• Route Maps – Route maps are those that are specifically created to guide us from one place to another. They provide us with clues to move about and reach our intended destinations. Since humans travel on land, on water, and in the air, these route maps include navigation or sailing charts, aeronautic charts, and the traditional folded paper maps that were kept in our cars for many decades. Today, with GPS technology, people often opt for the convenience of voice-guided GPS navigation maps and systems that are built into our cars’ dashboards or delivered from our cell phones. They are very effective in guiding us through our routes. However, as accurately as GPS maps may perform, they are not 100% fool-proof. Roads, highways, and bridges continue to be constructed on our daily landscapes; the frequency with which GPS map databases are updated can dictate how well they work. In addition, a GPS referenced map can unfortunately be made based on an inaccurate map. Thus, it is always advisable to exercise some caution when using GPS maps and directions. It is important to learn to realize situations when you have been led to the wrong place by GPS instructions.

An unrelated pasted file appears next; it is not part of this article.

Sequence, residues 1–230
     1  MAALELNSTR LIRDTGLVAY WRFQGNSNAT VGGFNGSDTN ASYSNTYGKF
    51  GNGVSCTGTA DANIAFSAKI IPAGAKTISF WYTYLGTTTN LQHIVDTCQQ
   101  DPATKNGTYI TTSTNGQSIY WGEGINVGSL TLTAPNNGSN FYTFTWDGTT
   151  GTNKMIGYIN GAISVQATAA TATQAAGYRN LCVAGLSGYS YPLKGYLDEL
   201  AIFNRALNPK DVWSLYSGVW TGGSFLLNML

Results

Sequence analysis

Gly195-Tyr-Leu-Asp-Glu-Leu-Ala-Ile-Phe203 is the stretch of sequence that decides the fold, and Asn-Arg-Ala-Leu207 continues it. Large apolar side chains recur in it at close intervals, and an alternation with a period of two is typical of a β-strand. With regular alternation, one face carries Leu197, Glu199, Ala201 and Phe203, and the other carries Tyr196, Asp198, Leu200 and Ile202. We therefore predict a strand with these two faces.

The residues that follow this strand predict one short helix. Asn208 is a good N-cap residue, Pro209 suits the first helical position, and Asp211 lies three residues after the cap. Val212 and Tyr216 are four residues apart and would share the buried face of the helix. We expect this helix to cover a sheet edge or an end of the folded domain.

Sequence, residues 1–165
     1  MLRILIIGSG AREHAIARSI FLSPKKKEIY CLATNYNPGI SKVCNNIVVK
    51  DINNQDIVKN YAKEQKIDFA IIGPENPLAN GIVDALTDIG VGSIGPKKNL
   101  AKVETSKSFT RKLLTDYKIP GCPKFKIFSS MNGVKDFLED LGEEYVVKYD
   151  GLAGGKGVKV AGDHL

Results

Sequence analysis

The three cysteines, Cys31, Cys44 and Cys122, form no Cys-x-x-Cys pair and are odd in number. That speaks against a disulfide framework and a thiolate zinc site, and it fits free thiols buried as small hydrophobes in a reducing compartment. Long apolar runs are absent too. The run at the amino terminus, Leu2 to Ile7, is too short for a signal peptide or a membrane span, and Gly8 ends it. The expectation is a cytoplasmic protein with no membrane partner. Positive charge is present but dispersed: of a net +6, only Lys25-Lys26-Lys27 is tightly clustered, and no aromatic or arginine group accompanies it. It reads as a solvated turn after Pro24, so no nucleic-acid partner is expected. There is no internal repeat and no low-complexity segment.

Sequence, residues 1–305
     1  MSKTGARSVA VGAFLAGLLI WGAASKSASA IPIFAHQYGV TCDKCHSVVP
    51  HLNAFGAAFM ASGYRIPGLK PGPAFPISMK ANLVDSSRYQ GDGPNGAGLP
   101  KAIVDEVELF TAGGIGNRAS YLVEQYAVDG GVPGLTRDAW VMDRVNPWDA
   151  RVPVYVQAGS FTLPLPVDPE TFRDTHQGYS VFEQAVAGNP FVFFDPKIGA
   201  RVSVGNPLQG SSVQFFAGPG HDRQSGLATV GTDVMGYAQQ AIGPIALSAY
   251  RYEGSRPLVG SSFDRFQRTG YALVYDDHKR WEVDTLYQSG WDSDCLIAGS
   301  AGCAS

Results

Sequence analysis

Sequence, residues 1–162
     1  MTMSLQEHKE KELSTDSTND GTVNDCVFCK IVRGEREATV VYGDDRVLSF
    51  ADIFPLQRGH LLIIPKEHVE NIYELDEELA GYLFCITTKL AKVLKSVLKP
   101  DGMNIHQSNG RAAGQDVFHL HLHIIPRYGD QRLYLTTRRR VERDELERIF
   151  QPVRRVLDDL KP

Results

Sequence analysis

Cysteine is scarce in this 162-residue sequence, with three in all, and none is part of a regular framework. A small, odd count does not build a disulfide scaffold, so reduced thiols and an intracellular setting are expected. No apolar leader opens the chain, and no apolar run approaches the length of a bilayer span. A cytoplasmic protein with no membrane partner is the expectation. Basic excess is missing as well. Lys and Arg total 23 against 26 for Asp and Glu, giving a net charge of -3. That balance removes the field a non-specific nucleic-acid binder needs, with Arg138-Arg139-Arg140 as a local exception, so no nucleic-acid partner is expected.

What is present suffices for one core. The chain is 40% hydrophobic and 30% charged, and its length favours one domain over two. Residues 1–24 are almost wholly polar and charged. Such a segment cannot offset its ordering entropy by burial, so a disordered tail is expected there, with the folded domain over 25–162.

• Thematic Maps – Thematic maps are maps with specially selected topics. These may be poor in reference information, but are to illustrate a particular theme to highlight a particular event in a particular space at a specific time. A map depicting population density (or any special topic or theme) is considered a thematic map. If there is a way to collect data or information about a topic that can be represented spatially, a thematic map can be created. Some of the largest government agencies specialize in producing large volumes of thematic maps. The census bureaus and statistical agencies are often the largest departments in nations. While statistics provide large amounts of information in tabular or spreadsheet format, thematic maps have the distinctive advantage of showing spatial patterns that allow us to quickly visualize concentrations and sparseness. Thematic maps can also be non-statistical; for instance, an urban land use-themed map may depict areas of land in an urban setting, defining the zones of commercial and retail land, single-family housing, multi-family housing, transportation corridors, institutional land (schools, colleges, hospitals, prisons, etc.), recreational land, and so on. Yet, none of these land classification categories are statistical.